Howdy. I read this question & joined up as a result. I'm a retired NWA, orignial NCA pilot. I started on the 580, flew it in both seats, with 1040 total hours in it. Doesn't sound like much. But there were a lot of experiences in it.
I was a light airplane pilot when hired. The first time I got my hands on the Bionic Buzsaw, I couldn't believe it. After I had flown DC-9 F/O and was bumped back to Convair Captain I really couldn't believe it. It takes muscle to fly this machine UNTIL you learn how to fly it... then it's easy... UNTIL things go to pieces, and you have to make corrections without the aid of trim. Like on a go around, or single engine cut. A tremendous amount of physical force is necessary. I had female co pilots.. (4) and none of them could do very well at it. One, wife of a Captain who was in her probationary year, announced to me that she would handle the ailerons and elevator while I would operate the power levers and rudders. We had a discussion as you may have guessed. She's flying 747-400 F/O... as a cruise pilot. She watches the airplane fly itself, etc at altitude. The job fits her perfectly.
The 580 had all the power you would ever want on her two Alison 501-D13 turboprop engines, produced 4,000 shaft horsepower each... (8,000 HP before the gearbox, prop and accessories). It took me about 8 months to become comfortable in it and only after becoming Captain did I really feel as if were an extension of my soul.
She would take a horrible pounding from weather, and withstand the most god awful landings you can imagine. But when you got to know her, she could be greased on nearly every time... landing with 300 HP per side, which was zero thust. Often you would not know you were on the ground until you felt a slight tug at your shoulder straps.
Our ceiling was FL 230, which seemed pretty high to me. She would get there right now! 4,000 FPM rate of climb was normal until passing 170 then she'd only do about 2,000 FPM. Contrast that to the 747 that waddles up to altitude often at 300 FPM... and sometimes just stops. Same with the 727 if it had the low power engines.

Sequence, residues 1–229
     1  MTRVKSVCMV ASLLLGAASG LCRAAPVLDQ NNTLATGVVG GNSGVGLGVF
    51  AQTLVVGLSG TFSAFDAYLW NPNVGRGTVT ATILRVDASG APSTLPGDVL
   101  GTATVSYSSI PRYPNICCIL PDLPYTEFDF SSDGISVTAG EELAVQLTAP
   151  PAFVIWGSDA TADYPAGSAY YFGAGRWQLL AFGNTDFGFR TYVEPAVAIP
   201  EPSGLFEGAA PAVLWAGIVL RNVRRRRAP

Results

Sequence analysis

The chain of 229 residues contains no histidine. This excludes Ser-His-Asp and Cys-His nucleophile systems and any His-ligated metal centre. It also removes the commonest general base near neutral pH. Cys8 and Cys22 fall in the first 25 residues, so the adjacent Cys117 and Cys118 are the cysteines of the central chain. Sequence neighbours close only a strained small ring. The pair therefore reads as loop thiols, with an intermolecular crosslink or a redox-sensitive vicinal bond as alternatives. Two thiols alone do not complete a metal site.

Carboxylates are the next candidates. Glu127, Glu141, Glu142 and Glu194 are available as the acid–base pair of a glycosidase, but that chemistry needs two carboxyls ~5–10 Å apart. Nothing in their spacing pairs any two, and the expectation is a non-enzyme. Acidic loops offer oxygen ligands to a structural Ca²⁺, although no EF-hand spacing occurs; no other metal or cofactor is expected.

I don't know what you are looking for... feel free to reach me at Captrig@aol & I can give you more of what your looking for, maybe. I'm new to airliners.net, so I don't know IF you're getting this, or what.
I'm medically retired at age 48 (now 53) and yes I do miss flying the airplanes a lot. Diabetes. I do not miss the rat race at the airline that has gotten much worse since 9/11.
I'm looking at a print I have of one of the 580's in North Central livery over the Missouri river. Beautiful print. It shows an anvil topped thunderstorm in the background... the old 580 with it's C band radar did very well navigating around them, and occasionally in them. It seemed we were either flying in thunderstorm conditions or blizzards... nothing in bettween. I also have a shot out of my window (Left Seat) of the huge Alison engine & the awesome propeller. I can still hear it... it had a sort of whistle mixed in with the vibration from the engine that you would feel on the ground long before you heard it. Same engine as on the 130's you know... they have the Hamilton Standard props, while we had another, and I'll be damned if I can remember what it was. I'm in conact with one of the Captains I used to jerk gear for on a daily basis. He was THE BEST Convair pilot I ever flew with... so anything I don't remember, he will.
I flew the Convair, all DC-9's as F/O and Captain, (MD-80 is a DC-9 you know?) 727 as F/O & Captain, DC-10 F/O and 747 F/O. Started flying when I was 12.
So... anything more you're interested in??
Capt. NWA (Ret)
New River, Arizona